Public Domain, Free Use and Copyleft Media
It feels good to get free stuff. In fact that’s probably why many of us get on the Web in the first place. But behind the usual blogs and Web sites lies untold fortunes of free-use content, all available for you to use legally and with a clean conscience. All the resources you need are there, whether to explore literature spanning the human experience or to find thousands of photos to spice up any project. There are even sites to help you understand all the copyright snags you might encounter along the way.
There are hordes of that ubiquitous stuff called "content" on the Web for the taking. ... read more »
Ideally all the free-use content in the world would be accessible and searchable from one massive ... read more »
With the spread of digital cameras, everyone has become a photographer-and photographers love to ... read more »
Though visual and audio media certainly rule the Web these days in terms of sheer quantity, there's still plenty of literary and textual content to be had online. A veritable race is on to get the last few thousands years of written language input and uploaded, and the options for how to navigate this growing body of revived literature are many. All literature written before 1923, and much of it since, is in the public domain. Furthermore, much of the textual content online is available as free-use material. These sites will help you find that morsel of language or feast of philology you crave.
- Photography is new, the written word is old. The online community is playing catch-up when it comes to literature, so patience is sometimes needed. If you can't find what you want, chances are it will be online soon.
- Many new organizations and sites dedicated to putting literature online are in their infancy, and the next few years promise quick growth in the list of useful sites.
- Often the copyright status of a book or eBook can be hard to decipher. The original text can be in the public domain, but a certain translation or edition may not be. Err on the side of caution when copying text, but if it's an original version of something before 1923 you can be confident it's in the public domain in the United States.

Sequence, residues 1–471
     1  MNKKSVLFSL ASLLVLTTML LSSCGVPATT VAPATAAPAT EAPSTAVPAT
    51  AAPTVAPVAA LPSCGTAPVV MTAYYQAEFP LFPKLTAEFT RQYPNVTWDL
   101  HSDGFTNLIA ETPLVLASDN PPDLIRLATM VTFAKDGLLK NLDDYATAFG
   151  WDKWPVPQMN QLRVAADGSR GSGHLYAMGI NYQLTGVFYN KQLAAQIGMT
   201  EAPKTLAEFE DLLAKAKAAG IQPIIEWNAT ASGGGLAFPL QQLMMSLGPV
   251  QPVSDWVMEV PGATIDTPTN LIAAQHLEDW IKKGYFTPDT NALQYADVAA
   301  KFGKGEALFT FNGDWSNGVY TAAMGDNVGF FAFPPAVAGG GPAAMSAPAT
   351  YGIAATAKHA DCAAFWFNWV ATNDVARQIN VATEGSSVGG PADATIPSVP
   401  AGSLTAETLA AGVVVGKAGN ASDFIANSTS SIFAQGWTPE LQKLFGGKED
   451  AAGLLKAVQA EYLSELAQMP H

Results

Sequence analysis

- The Internet Archive, featured in the "Where can I search all free-use content?" section of this guide, also has an impressive number of library catalogs within its text tab.
's mission is to provide the public with as many free-use eBooks as possible, and they employ a substantial army of volunteers to do so. Their catalog contains over 20,000 free eBooks, most of which are in the public domain. Specific copyright information is given for each eBook.
Google Book Search
is Google's attempt to digitally store and make available the contents of the world's libraries and publishing houses. Using the "full view" search filter, you can search their cache of fully viewable books. Those in the public domain are available for free download, but as of now the only way to approximate such a filter is by adding the text "date:1500-1923" in the search query, which will return only those books published before 1923 (by default public domain material). Like most Google tools, this is a well-designed and well-functioning engine, and the ability to search by actual content (e.g., "a rose, by any other name") is as useful as it is innovative.
Online offers an impressive collection of books, all in the public domain. You can read the books in HTML format on the site, or download them as text files. Don't let the distracting design of the site keep you away from this useful resource.
might not host the largest collection of public domain books, but the ease of use and clean design of the site is a welcome respite from the messier, headache-inducing interfaces of sites such as Project Gutenberg and PDBooks Online. All books here are presented in easy-to-read HTML format, and though modestly sized now the catalog is growing.
elaborates on the idea of Project Gutenberg by integrating all the different ways one might experience a book. This volunteer-built and growing database of public domain texts provides links to the e-text, Wikipedia page, and an audio-recording of the material. The site contains what is most likely the largest online catalog of audio books and is constantly adding new titles.
is another place to stop if you prefer to listen to your literature. With a much smaller title list than Librivox, Loudlit's virtues lie in the clever read-as-you-listen feature. Instead of downloading the audio book, you can choose to listen to it as streaming content while you read along on screen. This last feature, paired with a tiny children's books section, offers a nifty way to help kids learn to read.
The Internet is a noisy place, with many audio offerings such as sound effects, midi clips and ... read more »
With the proliferation of broadband access, digital video recorders like TiVo, and the massive ... read more »
Now that you've seen what the free-use world has to offer, you might want to get more involved ... read more »
Most Recent Guides